Neil Unmack is a Reuters Breakingviews columnist based in London. He covers credit markets, hedge funds, and Italy. Previously he was a corporate finance reporter at Bloomberg News in London. He started his career as a financial journalist in 2001 at Euromoney Institutional Investor, where he covered structured finance for EuroWeek magazine. He was educated at Eton College and Oxford University, graduating with a first class degree in modern languages. Follow Neil on Twitter @unmack1
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Athens wants to slice its primary fiscal surplus to one-third of the level agreed in its current bailout programme. That might leave debt too high for comfort – yet there is room for a compromise that Greece’s euro zone partners could afford.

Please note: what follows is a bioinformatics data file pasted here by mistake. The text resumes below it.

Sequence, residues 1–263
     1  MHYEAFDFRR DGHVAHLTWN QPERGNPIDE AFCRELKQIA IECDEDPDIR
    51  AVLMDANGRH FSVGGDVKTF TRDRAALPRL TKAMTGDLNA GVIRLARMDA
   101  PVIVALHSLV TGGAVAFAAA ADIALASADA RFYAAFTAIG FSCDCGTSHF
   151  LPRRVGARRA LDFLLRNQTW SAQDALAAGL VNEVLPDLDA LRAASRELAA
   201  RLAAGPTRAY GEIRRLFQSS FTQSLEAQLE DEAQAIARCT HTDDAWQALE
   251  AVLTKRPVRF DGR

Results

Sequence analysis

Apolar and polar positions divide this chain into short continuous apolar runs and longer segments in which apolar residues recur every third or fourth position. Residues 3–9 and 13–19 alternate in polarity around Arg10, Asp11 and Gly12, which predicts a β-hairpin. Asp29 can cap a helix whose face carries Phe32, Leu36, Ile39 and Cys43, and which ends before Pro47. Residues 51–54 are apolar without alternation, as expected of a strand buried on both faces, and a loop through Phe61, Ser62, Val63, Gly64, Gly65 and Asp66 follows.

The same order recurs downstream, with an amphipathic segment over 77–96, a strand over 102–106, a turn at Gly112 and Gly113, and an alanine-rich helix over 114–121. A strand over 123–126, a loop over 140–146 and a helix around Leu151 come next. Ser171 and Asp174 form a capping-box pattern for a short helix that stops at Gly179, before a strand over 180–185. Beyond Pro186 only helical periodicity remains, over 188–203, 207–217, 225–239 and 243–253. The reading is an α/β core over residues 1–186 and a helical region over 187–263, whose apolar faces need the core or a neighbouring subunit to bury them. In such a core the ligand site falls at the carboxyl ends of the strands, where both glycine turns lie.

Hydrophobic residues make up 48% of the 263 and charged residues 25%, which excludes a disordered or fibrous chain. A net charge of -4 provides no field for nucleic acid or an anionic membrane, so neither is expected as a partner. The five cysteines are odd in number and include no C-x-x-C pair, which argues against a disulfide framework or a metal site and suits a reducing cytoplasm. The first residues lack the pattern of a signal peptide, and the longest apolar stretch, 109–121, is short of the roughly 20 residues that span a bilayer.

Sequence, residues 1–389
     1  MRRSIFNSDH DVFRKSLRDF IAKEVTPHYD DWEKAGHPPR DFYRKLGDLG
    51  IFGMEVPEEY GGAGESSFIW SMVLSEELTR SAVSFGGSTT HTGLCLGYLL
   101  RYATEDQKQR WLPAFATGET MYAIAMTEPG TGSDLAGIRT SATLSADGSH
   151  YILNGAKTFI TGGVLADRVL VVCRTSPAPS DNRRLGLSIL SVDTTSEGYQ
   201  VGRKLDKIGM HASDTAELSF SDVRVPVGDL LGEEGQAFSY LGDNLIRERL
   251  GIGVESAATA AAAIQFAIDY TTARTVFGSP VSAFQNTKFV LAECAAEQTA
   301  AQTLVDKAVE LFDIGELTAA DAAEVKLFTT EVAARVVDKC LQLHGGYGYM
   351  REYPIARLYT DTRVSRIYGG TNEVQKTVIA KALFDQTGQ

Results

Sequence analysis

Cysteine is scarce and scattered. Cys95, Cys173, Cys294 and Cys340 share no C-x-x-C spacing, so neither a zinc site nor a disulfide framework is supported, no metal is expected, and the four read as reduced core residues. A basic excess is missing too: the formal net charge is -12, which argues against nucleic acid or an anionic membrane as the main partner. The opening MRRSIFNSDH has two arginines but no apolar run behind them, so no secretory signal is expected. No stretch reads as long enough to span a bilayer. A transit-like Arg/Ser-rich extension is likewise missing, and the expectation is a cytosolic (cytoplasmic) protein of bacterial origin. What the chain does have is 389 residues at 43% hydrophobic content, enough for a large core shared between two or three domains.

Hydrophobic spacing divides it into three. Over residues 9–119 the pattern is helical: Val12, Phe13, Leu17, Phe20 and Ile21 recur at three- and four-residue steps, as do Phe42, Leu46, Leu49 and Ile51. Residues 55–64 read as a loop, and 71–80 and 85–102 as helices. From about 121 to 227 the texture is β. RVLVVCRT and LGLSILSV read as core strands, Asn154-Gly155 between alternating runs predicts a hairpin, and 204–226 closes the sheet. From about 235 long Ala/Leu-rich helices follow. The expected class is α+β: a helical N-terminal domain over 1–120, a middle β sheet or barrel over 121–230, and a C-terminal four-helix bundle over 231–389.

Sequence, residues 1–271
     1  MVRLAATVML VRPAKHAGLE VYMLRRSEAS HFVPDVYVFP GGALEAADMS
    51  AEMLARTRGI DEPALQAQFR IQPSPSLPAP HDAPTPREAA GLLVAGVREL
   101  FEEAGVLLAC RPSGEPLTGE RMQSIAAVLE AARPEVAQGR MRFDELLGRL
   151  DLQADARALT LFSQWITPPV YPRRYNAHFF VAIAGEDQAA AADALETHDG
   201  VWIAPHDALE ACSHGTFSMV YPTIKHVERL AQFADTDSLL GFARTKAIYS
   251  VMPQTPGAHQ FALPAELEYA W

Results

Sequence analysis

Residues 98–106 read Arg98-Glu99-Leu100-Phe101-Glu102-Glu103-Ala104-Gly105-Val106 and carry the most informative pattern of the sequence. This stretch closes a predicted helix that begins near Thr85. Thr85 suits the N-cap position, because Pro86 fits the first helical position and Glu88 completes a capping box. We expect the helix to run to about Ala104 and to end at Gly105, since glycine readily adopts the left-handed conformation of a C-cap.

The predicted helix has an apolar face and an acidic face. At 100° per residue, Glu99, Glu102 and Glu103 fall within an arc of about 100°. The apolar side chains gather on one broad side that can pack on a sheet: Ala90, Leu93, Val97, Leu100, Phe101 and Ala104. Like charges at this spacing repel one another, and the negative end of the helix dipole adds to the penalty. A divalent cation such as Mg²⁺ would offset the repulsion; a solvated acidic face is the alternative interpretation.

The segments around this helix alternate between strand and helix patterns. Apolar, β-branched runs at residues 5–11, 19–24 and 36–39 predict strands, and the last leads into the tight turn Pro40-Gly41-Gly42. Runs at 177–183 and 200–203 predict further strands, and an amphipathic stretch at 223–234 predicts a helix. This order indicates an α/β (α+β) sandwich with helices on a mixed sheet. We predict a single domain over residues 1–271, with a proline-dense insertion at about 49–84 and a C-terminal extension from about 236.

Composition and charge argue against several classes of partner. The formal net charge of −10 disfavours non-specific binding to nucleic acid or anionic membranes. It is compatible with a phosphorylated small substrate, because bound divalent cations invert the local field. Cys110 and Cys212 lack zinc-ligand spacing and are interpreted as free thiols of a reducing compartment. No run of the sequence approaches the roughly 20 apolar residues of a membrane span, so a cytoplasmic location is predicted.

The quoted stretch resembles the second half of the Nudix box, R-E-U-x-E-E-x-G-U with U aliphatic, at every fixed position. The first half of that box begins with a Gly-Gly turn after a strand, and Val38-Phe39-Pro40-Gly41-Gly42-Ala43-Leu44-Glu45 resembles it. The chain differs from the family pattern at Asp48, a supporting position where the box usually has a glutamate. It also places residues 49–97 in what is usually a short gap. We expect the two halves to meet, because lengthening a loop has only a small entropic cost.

The reforms agreed by Athens are both ambitious and fuzzy. They tick some of the favoured boxes of hawks in Germany and elsewhere. But Syriza’s election pledges are in tatters. Europe may be better off - but the domestic situation in Greece has become more volatile.
This is a seller’s market, and one with a short history, so deal structures are less fixed than they are Stateside. Yields are already slim. Now borrowers and the buyout firms behind them are pushing bolder deal terms. That makes the risk-reward tradeoff for buyers even worse.
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